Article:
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Fox News Goes to War Against Troop Pull-out

Reported by Judy - November 19, 2005

Fox News Channel on Saturday (November 19, 2005) used one of its financial shows to try to drown out Americans' call for bringing troops home from Iraq, which at last was given voice in Friday's debate in the U.s. House. Brenda Buttner's "Bulls and Bears" tried to rally the stock market and viewers around President Bush's failed "stay-the-course" disaster in Iraq.

At the start of the show, Buttner promoted the discussion with typical Fox News' over-the-top rhetoric delivered in an urgent tone. "Will a troop pull out mean a stock sell off? ... What happens to stocks if we cut and run before a total victory? The market fall out if we pull out now."

Gary Kaltbaum of Kaltbaum & Associates responded to Buttner's hype, saying "of course" the impact would be negative for stocks. "Look we will lose our standing in the free world. Everybody will look at us as losers at that point in time and the comfort you're giving to the enemies. Al Qaeda is going to be partying in their caves and the potential for terrorists to take over the oil and more terrorism around the world, the repercissions around the world, you can't even start."

Gary B. Smith tried to focus the discussion on the market, not politics. "The market, as it has been doing all along with Iraq, it kind of shrugs its shoulders and says OK, that's one less thing we have to worry about. That's a few less dollars we have to worry about. That's a few billion less dollars we have to spend overseas. I think the market goes up. I think it just says OK, let's move on," he said.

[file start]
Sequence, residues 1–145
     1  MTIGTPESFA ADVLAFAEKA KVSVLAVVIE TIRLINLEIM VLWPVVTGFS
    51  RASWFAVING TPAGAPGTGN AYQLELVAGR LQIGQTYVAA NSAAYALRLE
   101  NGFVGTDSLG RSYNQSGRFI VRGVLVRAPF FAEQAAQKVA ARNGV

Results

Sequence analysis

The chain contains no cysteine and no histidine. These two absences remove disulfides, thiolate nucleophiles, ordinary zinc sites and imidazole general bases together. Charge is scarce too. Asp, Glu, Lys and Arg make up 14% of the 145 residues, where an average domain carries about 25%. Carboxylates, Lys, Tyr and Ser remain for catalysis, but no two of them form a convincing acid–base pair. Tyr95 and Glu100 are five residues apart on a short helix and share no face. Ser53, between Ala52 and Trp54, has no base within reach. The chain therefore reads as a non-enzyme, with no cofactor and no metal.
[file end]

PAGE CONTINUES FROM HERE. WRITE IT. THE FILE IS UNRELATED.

Buttner didn't want to let that stand. "They're talking about getting out now. The market just shrugs its shoulders?"
Smith stuck to its guns, saying the pull-out is not going to be over night, as Buttner implied it would be, and that the market would adjust and probably "springs right up." In other word, the market would go up, not down.

Gary Olstein of Olstein Associates, agreed there wold bge "short-term confusion" in the market, but added, "We're not toally pulling out. we're going to have to guard the oil. Basically, the markets then move on to the next event. We're going to always have people there."

Buttner would not give up. "If we effectively surrender, what do stocks do? Surrender as well?"

Tobin Smith, who can always be counted on to bite on anything Buttner is dishing out, claimed the Democrats were proposing a "fairy tale" that would take oil to $85 or $90. a barrel. "The reality is, we made a five, ten-year commitment to this thing. We're in. Pulling out is preposterous. We have our brothers in arms, the Iraqis, if we pull out, I think that's just crap. It's not a laughing matter about the idea of pulling out and leaving people on the hook," he said.

There was some confusion over who was laughing, but Buttner went to the only cool head on the program week in and week out, Pat Dorsey. "Political repercussions aside, it does mean less spending. That should at least mean a reduction in the growth rate of the deficit, if not a reduction in the deficit in general. That's positive for the economy because we right now we have been spending beyond our means," he said.

But Buttner was ready. "Of course, that also means less stimulus to the economy and Wall Street doesn't like that," she said, one of the few times Fox News has admitted that government spending can be good for the economy.